Podcast on education

Our podcast on Bryan Caplan’s new book is now ready. You’ll find it here.

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21 Responses to Podcast on education

  1. Alex2 says:

    Why is the audio quality so bad? Did you guys record sitting next to each other with a macbook recording on the other side of the room?

    Also when I listen on headphones, Miller only comes out on the left side and Cochran comes out only on the right side – it’s very annoying.

    • gcochran9 says:

      The right-left thing was an experiment. I liked it, but if other people don’t, we’ll quit. Although obviously I should have been on the right channel.

      I thought the audio quality was ok, but what do I know?

      • Alex2 says:

        It might be worth getting a 2nd opinion on the left-right thing. It might sound better on a speaker system (where the two sources will naturally mix a bit) and sound worse on headphones.

      • Paul Rain says:

        Haven’t listened yet, but people tend to really hate it when they’re listening to podcasts where they can only really have one earbud in- at work or in public in an urban area.

      • The Z Blog says:

        I liked the right-left thing. I just switched my ear buds around to keep the political orientation correct, but otherwise I really liked it.

    • MawBTS says:

      I thought the audio was fine.

    • Peter Lund says:

      Cochran’s audio was fine (and his voice is not bad). Miller’s audio was not that great (some echoing from the room) + the volume was low and varied a lot in the beginning.

      The left-right thing wasn’t noticeable to me because I used an iPad mini in landscape mode — so both speakers were to the right of the screen and quite close together.

  2. dlr says:

    No transcript? Why don’t they provide a transcript ? That’s like -1000 points to me.

  3. Eugine Nier says:

    To answer the question about why businesses should be behaving rationally. The reason is that businesses that behave sufficiently irrationally tend not to stay in business. This is the same reason birds can fly without knowing anything about aerodynamics.

  4. Thursday says:

    Caplan actually did write a book about how ignorant voters are called The Myth of the Rational Voter.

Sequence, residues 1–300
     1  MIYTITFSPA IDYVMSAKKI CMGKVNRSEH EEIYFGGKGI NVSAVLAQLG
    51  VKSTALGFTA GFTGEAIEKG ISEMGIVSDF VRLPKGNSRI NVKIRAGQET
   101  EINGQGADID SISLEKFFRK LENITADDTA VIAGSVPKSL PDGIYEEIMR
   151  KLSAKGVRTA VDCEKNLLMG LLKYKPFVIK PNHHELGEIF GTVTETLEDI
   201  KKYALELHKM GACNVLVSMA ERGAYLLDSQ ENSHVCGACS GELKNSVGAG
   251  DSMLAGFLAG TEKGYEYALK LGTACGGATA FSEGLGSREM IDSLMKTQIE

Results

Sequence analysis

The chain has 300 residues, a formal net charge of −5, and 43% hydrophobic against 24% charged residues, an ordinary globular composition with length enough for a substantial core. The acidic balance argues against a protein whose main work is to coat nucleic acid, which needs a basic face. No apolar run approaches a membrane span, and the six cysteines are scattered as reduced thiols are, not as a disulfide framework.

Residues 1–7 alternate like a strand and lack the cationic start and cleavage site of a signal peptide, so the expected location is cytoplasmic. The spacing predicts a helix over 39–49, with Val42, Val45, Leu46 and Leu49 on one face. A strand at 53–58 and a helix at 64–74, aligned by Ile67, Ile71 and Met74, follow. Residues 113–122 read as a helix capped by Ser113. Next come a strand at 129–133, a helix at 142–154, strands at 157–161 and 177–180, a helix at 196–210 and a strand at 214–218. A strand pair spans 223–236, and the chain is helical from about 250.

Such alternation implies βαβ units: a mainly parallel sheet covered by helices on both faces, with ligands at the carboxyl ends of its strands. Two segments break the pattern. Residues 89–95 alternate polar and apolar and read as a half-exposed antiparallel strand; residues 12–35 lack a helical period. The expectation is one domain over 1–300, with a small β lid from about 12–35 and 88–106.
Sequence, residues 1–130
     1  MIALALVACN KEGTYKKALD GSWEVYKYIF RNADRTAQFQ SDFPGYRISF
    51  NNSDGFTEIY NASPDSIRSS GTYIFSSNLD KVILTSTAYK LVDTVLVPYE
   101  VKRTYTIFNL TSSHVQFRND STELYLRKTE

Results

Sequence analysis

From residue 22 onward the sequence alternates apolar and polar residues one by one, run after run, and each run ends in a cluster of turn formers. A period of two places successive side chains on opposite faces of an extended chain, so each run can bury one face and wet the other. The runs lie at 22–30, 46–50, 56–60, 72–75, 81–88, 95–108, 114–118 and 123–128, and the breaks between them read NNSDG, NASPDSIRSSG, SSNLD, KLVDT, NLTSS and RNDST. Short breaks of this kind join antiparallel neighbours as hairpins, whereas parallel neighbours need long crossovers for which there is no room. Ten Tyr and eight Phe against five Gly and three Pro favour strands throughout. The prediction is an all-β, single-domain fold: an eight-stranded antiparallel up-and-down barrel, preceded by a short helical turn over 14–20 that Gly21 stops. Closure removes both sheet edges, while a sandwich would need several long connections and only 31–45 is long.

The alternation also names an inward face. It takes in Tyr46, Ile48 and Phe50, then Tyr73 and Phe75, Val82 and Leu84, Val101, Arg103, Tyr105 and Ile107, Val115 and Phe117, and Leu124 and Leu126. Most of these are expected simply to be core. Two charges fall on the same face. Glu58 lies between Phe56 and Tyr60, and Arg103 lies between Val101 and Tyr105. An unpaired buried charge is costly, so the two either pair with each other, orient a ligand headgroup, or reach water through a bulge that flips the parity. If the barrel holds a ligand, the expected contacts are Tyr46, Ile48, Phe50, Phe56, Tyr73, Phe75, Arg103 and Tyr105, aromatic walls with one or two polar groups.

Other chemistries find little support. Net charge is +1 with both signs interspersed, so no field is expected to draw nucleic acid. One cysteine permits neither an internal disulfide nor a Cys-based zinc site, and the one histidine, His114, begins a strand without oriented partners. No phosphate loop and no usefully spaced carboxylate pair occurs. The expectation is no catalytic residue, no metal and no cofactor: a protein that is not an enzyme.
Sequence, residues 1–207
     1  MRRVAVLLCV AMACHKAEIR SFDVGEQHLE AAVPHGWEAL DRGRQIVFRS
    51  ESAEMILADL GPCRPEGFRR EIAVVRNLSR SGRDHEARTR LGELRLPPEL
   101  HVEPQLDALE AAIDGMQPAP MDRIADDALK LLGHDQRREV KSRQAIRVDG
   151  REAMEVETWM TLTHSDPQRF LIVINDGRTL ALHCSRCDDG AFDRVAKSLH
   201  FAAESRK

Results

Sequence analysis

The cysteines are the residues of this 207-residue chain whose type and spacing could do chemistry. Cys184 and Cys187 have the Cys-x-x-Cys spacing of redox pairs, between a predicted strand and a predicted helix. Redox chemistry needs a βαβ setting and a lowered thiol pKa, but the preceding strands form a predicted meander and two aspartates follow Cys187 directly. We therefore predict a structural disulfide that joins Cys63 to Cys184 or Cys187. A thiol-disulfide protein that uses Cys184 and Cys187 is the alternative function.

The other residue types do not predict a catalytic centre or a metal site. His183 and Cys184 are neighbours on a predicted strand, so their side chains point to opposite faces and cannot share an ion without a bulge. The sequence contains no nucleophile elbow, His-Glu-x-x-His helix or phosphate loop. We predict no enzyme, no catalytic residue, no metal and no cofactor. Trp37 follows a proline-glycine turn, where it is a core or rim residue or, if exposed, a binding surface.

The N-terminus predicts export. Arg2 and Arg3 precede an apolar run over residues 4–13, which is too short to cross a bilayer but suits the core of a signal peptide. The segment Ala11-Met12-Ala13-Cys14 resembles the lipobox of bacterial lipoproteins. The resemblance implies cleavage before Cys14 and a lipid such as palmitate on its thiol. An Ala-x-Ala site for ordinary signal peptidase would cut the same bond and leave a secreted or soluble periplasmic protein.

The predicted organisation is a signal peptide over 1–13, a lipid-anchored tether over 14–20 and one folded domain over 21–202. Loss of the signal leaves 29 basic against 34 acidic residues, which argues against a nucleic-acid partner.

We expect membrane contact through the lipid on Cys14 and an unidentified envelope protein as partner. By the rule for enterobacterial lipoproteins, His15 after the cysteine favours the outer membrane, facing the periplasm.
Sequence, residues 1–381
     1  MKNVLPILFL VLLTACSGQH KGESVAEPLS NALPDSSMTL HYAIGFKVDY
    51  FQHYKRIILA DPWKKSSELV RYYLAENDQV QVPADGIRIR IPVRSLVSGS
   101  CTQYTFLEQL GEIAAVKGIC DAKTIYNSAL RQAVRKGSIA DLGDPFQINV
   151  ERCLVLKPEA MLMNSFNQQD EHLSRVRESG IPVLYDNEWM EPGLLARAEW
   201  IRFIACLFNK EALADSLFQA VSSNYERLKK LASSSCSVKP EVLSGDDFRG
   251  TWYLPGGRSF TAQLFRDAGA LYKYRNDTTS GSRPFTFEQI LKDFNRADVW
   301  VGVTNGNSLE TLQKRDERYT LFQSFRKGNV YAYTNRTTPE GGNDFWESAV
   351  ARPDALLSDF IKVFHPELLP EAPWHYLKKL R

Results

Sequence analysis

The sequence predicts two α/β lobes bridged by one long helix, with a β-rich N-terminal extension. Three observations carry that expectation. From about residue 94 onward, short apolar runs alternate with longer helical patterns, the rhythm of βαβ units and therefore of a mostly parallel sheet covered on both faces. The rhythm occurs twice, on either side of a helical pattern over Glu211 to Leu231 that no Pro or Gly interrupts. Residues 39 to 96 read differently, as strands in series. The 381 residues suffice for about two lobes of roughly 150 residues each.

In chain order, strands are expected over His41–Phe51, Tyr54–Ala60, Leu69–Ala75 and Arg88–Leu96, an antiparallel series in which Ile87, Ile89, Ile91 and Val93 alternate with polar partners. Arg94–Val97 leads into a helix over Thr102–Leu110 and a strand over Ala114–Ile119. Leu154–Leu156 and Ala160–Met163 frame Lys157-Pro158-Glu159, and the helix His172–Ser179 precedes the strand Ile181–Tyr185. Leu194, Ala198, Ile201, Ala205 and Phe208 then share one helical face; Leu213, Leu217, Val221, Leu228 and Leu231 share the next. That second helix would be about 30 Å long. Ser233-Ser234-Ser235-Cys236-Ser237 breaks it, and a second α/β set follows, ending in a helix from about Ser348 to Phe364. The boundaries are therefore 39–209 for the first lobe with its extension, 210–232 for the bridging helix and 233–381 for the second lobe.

• Paul Rain says:

      To be fair though, Caplan thinks that anyone in the working class/lower middle class/technically-orientated mid-working class who votes for someone who doesn’t want to replace him and his compatriots and their diverse ethnic restaurants with pajeets* is ‘ignorant’.

      He could be considered extremely ignorant- but he knows exactly what evil things he’s doing.

      yes, Polish and Italian restaurants are diverse

  5. Dave R says:

    I don’t know anything about right/left, but on my setup Cochran is loud and the interviewer is too faint to hear. I got sick of keeping my hand on the volume dial, so I’m trying it only able to hear Cochran, but not sure how far I’ll get it.

  6. tim hadselon says:

    I really enjoy the podcast, please do more.

  7. Richard says:

    Regarding whether businesses know what they’re doing, I just saw this story about Baltimore using polygraph tests to determine whether its officers are corrupt.

    http://baltimore.cbslocal.com/2018/02/09/polygraph-testing-baltimore-police/

    Now we know polygraph is junk science, it’s been pretty easy to prove. Yet law enforcement seems to believe in it. Judges, who are smarter than cops on average, do not allow it in court though. And I don’t see much use of it in the private sector.

    So evidence suggests govt is uniquely bad at decision-making.

  8. Smithie says:

    I never understood the point of the PSAT. I recall being quite shocked by the fact that everyone in the same classes as me took it. I am still puzzled.

  9. Jacob says:

    You’re talking about doing a regression analysis of all available data that correlate with g?

    Imo, permanent product measures of conscientiousness and any other trait considered relevant to that given field should also be rolled in and weighted according to our best understanding of how much variance in odds of success in a given field are predicted by which variables.

    Along with conventional stuff like experience in the field, especially if there’s a steep learning curve.

    Tomorrow I’m going to try to get access to UP’s Psych research candidate pool to see if kids with higher SATs & ACTs are more likely to take minors and double majors, and if the effect was stronger in students who picked tougher disciplines like math for their minor. Inspired by the College Board’s revelation that kids planning on doing two disciplines score even higher than the physical science and Math students http://www.businessinsider.com/heres-the-average-sat-score-for-every-college-major-2014-10

  10. Pingback: This Week In Reaction (2018/02/11) - Social Matter

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